This revelation led Tobie to ditch Nike’s traditional sizing all together. He thought if one sneaker could fit a range from size 9 to 11, was sneaker sizing even needed? Hatfield saw this fit more like a T-shirt. “We don’t do half sizes for our T-shirts; we do small, medium and large,” Hatfield thought. “So what if we tried the same thing for footwear? What if we gave the athlete a range?” This new understanding was ground-breaking, but it wouldn’t be fully realised until many years later.
The concept of the Presto continued to be developed over the intervening years, but under a slew of different project names. Each step closer to the Presto was proven through designs that were released on their own. The V-notch got its heyday with the Air Gauntlet in 1998, the seamless interior and mesh upper were perfected in 1999 with the launch of the Air Zoom Drive (both below). But these two elements weren’t enough to finally land at the Presto. Hatfield needed the right materials.
Leather was too stiff and heavy. Mesh was limited in stretch and applications. The neoprene used on the Air Huarache was designed to trap heat in, exactly the opposite of what they wanted the Presto to do. None did the job. This was until they found Spacer mesh. A material traditionally used in the medical industry offered the flex and stretch of neoprene without the heat, and they could shape it into the sneaker that they wanted. A rubber cage was installed over the upper for structure and a place to thread the laces, and a rubber cap at the toe added protection from debris. Tobie therefore opted for a size range of XXS - XL, like a tee, instead of traditional sizing. It wasn’t long before Nike were calling it a “T-Shirt for the foot.”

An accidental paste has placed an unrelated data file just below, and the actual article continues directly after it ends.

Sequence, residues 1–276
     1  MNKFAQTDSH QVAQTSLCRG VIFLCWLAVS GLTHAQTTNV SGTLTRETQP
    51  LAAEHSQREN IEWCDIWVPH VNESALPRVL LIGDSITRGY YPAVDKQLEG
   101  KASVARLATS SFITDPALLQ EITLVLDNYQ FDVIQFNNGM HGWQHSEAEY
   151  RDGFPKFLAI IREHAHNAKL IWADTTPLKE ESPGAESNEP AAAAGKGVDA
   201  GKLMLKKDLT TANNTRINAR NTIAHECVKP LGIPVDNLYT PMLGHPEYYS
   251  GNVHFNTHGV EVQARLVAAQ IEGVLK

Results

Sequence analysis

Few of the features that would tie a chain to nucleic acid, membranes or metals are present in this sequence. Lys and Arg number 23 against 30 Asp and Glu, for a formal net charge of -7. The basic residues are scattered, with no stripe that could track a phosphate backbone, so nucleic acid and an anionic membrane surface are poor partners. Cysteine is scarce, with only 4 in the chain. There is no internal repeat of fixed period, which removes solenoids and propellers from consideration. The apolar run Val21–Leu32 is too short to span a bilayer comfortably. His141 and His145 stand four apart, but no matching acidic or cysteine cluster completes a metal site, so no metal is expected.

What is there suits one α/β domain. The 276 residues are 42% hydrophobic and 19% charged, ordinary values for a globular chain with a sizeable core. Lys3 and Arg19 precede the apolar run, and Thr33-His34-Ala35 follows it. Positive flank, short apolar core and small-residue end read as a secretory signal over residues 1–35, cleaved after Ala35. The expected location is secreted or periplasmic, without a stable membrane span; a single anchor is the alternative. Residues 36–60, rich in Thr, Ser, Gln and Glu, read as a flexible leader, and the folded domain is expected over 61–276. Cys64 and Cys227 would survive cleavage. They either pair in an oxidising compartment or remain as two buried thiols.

Now Hatfield had the shoe he had envisioned back when his sneaker’s collar splayed out in Korea. But it didn’t have a name. Desperate to get the sneaker onto the market asap, Nike sent out a call asking all creatives in the country for help naming the new silhouette. Over 300 submissions were received, with Presto Magic winning over the hearts of most behind the sneaker. Inspired by the magical fit, the idea was that the shoe was such a marvel it might as well be the breathtaking reveal of a magic trick that comes with a magician’s utterance of “Presto!” That name stuck and the shoe was ready for the public.